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Scalable peer-to-peer substrates: A new foundation for distributedapplications

Date and Time
Friday, November 30, 2001 - 4:00pm to 5:30pm
Computer Science Small Auditorium (Room 105)
Peter Druschel, from Rice University
Larry Peterson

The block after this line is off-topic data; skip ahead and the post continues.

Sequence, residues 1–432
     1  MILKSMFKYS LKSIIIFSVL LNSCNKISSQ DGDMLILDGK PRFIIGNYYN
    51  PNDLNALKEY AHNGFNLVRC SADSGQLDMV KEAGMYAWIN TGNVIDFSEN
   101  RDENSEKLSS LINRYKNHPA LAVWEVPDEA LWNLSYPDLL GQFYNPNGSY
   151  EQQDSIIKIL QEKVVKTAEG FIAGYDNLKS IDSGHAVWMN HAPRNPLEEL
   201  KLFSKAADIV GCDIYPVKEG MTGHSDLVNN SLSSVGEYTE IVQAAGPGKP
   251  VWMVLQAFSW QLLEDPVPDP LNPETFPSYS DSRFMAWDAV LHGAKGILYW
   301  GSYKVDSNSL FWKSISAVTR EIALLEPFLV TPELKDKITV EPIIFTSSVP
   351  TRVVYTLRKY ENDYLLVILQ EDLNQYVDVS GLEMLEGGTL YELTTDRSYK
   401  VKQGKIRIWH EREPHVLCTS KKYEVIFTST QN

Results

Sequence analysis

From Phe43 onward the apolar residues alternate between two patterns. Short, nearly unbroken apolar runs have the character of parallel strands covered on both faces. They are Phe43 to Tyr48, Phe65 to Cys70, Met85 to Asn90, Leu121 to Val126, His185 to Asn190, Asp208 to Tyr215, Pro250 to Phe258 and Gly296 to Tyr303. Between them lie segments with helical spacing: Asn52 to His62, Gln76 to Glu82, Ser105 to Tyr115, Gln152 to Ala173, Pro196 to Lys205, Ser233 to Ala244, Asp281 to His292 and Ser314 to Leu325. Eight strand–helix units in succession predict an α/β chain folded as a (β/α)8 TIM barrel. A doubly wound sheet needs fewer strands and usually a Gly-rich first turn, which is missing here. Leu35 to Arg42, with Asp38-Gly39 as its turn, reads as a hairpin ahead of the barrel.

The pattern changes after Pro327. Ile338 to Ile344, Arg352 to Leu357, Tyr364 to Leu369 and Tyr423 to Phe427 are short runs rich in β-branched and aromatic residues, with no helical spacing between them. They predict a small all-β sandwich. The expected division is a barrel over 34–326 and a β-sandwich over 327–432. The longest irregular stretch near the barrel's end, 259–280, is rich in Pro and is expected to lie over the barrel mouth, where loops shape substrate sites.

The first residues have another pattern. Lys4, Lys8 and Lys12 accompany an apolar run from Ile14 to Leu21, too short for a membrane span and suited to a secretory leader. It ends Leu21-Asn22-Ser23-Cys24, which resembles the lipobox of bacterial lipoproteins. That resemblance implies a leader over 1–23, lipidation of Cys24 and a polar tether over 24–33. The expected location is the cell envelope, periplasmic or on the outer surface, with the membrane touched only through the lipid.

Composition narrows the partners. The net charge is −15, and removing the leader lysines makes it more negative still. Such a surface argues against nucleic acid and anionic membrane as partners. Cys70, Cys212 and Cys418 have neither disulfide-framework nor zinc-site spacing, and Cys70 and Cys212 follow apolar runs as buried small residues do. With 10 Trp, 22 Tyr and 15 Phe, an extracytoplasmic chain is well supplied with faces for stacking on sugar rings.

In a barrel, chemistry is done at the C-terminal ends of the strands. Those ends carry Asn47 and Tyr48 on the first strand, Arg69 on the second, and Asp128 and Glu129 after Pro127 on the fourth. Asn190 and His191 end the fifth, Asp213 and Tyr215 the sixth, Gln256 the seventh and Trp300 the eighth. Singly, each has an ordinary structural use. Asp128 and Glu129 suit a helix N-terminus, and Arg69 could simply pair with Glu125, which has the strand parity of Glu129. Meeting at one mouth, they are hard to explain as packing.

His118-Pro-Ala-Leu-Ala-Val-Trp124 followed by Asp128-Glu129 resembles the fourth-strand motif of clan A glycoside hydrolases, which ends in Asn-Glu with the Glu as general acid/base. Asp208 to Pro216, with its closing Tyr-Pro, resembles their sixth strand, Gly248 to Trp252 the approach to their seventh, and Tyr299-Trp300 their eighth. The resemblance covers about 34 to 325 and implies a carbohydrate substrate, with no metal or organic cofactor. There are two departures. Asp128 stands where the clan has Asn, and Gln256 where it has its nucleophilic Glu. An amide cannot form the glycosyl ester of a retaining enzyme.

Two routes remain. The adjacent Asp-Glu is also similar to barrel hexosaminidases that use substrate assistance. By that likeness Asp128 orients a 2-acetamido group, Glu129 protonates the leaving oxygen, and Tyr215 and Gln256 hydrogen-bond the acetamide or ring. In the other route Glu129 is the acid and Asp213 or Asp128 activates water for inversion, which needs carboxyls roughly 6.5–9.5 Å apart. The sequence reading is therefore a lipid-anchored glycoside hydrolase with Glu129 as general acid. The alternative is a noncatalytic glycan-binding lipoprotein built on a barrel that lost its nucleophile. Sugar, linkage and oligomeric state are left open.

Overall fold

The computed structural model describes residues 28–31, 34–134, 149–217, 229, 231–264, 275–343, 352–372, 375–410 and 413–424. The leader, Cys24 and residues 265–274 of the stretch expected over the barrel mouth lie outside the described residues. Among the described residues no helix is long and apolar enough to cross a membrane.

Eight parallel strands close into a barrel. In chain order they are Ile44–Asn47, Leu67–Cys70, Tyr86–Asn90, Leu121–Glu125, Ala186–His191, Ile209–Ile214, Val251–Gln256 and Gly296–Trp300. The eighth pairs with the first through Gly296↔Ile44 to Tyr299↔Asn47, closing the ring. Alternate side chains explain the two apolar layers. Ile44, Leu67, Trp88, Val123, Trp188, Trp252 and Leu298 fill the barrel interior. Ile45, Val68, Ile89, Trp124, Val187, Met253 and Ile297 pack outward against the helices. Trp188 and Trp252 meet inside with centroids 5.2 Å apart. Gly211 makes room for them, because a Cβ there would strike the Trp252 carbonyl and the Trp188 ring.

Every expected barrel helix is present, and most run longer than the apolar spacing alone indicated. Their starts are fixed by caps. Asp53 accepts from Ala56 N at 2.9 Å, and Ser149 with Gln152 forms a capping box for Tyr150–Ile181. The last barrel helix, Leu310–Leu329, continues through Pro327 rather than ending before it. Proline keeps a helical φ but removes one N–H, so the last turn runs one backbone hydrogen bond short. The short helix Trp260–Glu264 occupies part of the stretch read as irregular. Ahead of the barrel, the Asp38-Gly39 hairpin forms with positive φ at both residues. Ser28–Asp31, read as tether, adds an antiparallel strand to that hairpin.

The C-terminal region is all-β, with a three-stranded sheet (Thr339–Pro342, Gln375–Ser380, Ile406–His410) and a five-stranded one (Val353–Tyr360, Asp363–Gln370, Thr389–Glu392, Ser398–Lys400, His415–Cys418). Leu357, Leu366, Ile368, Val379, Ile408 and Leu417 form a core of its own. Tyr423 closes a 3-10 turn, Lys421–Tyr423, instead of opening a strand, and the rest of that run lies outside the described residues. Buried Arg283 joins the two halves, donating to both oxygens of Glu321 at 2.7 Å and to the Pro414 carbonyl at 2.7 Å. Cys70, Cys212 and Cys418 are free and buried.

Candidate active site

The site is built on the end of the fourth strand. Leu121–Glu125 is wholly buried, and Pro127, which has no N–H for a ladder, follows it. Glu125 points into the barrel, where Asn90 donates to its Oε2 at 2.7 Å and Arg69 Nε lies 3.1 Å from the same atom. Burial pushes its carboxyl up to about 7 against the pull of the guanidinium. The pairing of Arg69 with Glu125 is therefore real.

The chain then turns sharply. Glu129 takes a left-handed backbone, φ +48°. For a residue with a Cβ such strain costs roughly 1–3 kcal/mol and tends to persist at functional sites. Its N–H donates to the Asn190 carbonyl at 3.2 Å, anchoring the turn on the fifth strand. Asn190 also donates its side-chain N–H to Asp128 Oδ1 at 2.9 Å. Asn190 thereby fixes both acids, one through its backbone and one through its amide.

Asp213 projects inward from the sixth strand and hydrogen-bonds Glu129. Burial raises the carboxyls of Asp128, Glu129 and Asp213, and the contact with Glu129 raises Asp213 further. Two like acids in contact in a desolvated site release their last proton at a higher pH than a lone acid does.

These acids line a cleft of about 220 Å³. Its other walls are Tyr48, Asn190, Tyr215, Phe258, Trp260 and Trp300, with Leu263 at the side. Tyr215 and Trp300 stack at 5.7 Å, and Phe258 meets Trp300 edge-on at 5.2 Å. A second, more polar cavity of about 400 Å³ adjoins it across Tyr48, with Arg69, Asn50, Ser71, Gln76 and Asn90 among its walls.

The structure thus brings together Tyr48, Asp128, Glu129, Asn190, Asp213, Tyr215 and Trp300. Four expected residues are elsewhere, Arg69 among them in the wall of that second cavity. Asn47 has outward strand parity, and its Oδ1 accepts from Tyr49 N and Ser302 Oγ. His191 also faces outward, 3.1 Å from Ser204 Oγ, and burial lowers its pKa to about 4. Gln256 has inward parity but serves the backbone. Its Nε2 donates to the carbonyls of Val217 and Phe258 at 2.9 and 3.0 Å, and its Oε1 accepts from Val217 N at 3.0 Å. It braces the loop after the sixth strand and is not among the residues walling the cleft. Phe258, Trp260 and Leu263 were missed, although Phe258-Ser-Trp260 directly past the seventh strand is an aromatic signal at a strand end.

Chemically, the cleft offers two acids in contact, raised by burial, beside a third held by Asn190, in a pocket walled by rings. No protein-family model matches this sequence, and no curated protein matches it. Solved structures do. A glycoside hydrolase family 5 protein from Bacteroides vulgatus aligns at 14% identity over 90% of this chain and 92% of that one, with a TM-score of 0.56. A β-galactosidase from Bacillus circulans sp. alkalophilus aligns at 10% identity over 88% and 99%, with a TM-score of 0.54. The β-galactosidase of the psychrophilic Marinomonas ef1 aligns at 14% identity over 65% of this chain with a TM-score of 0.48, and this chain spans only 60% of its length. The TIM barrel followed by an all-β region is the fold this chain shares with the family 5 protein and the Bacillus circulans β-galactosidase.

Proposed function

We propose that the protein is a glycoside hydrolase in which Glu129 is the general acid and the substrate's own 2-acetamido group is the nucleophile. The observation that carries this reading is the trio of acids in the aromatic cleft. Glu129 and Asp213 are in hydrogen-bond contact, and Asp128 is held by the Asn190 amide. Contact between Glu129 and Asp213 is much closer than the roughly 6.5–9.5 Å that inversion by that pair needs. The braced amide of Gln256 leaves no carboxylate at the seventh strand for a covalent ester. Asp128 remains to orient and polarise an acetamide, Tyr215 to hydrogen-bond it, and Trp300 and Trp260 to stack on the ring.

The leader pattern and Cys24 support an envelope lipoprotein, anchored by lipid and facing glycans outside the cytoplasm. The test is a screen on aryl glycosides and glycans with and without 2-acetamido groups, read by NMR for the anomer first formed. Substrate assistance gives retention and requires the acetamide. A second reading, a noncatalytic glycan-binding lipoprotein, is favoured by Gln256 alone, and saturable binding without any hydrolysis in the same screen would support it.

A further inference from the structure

Peer-to-peer (p2p), initially conceived for the purpose of sharing music in the Internet, promises to be a more general paradigm for organizing large-scale distributed applications. We define p2p systems broadly as self-organizing, decentralized, distributed systems where most or all communication is symmetric. The self-organization, decentralization, diversity and redundancy of resources inherent in the approach lend themselves to a large domain of applications beyond file sharing, anonymity and anti-censorship. At the same time, the decentralization and diversity also pose difficult problems, particularly in resource management and security. Recent work on p2p overlay networks like CAN, Chord, Pastry and Tapestry has made significant strides towards providing a general substrate that simplifies the construction of a wide range of p2p applications. These overlay networks effectively shield applications from the complexities of organizing and maintaining a secure overlay network, tolerating node failure, and from distributing and locating resources. In this talk, I'll present an overview of Pastry, a p2p overlay network that provides self-organization, fault-tolerance, efficient resource location and distribution, and incorporates interesting heuristics that exploit proximity in the underlying Internet. I will also sketch two applications built upon Pastry to date: PAST, an archival, cooperative file storage and distribution facility, and SCRIBE, a highly scalable event notification system. I'll conclude with an outlook on key research problems and future directions.
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